Joanne Palmer: Lost puppy dogs and Tebow |

Joanne Palmer: Lost puppy dogs and Tebow

Joanne Palmer

In 1989, Joanne Palmer left a publishing career in Manhattan and has missed her paycheck ever since. She is a mom, weekly columnist for the Steamboat Pilot & Today, and the owner of a property management company, The House Nanny. Her new book "Life in the 'Boat: How I fell on Warren Miller's skis, cheated on my hairdresser and fought off the Fat Fairy" is now available in local bookstores and online at or

If you ever want to see a forlorn, lost-puppy-dog look come over a man's face, give him a Saturday without football. Last weekend, to the delight of many women and to the dismay of most men, Tim Tebow and the Broncos were not dominating the airwaves. A hush fell across Colorado. There was no hooting and hollering from garages; bags of Chex Mix, salted nuts and popcorn remained on grocery store shelves; and beer sales plummeted.

Broncos withdrawal rumbled across Colorado with the tenacity of a steady thunderstorm. Depressed and confused men wandered aimlessly around their homes, mindlessly clicking their remotes. Trips to chiropractors skyrocketed as Broncos fans emerged from extended periods of "Tebowing" only to realize they were injured. Couples stared at one another at a loss for how to have a conversation that didn't include the words "Tebow," "touchdown" and "playoffs." Reports of sleep deprivation hit record numbers; after all, a day without football is a day without a nap. Huge blocks of time opened up — bills could be paid, dogs could go for long walks and children could be acknowledged.

A sort of gray gloom descended over our house as my mate staggered in from his man cave clutching the remote to his chest as if he were experiencing an angina attack. He could barely speak, and I had to lean close to him to hear him croak: "There. Is. No. Football."

"OK," I said cheerily. Thinking a little football jargon might cheer him up, I said, "Let's tackle some house projects."

The pained look on his face deepened and he disappeared.

Five minutes later he was back.

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"Can you Google the TV listings? Maybe football is on, and I just can't find it."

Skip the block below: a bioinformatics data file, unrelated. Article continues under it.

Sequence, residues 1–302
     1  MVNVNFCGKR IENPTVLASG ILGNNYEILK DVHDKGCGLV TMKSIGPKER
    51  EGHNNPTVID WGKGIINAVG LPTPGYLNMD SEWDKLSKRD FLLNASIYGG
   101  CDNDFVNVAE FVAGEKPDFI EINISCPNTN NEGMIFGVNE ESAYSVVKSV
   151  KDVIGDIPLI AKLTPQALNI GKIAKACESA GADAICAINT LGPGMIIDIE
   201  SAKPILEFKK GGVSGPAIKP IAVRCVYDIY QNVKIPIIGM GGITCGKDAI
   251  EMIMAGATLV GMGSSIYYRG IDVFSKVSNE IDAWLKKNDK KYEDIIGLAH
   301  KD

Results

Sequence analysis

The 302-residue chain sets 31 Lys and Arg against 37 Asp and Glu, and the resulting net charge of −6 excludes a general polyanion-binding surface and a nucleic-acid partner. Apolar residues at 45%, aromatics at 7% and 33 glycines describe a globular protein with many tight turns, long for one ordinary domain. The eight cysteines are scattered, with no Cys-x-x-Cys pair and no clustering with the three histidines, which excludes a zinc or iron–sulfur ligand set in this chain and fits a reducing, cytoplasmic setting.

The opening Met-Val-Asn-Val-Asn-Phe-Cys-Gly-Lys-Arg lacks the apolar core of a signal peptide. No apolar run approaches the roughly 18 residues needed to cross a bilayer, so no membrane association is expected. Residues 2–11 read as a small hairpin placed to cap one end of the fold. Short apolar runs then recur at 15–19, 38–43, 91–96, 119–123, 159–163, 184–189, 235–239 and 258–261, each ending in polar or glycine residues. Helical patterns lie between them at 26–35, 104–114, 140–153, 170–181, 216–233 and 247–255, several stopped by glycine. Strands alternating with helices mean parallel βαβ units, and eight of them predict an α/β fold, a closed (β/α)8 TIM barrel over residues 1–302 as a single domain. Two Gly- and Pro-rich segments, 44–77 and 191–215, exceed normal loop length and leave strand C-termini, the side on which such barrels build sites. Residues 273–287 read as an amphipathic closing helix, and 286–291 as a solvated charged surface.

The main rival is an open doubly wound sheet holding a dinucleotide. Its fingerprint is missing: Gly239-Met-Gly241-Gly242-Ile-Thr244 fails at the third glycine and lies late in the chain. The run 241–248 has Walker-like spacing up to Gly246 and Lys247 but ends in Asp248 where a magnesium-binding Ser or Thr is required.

He looked so terrible I contemplated checking his vital signs or enrolling him in a 12-step program for football addiction, but instead, I dutifully booted up the computer only to confirm his worst fears.

"Nothing today. There are two games on Sunday. Can you make it until then?"

"What time? Check the times," he moaned.

"Are you sure you're not running a fever? Game times are 1:30 p.m. and 4:30 p.m. Back-to-back games. Don't ask me who is playing."

"But not Monday. No Monday Night Football."

"Sorry. Nothing on Monday. Ready to tackle those house projects? Let's put away the Christmas decorations."

He slinked back into the dark recesses of his man cave.

Just for the record, the Christmas tree has been down for weeks and even recycled, but there still were large storage containers full of ornaments, lights and decorations patiently waiting to be put down in the crawl space. The access to the crawl space is buried underneath carpet remnants that were too awkward for me to move alone.

Nevertheless, a few minutes later he was back, still clutching the remote.

"Ice skating is on. Do you know millions of people watch ice skating?"

"Fascinating. And it only takes one person to help another person put away the Christmas decorations."

He put down the remote. The lost-puppy-dog look lifted from his face. I'd almost forgotten what he looked like. "I'll help you now."

"Welcome back," I said with a grin.

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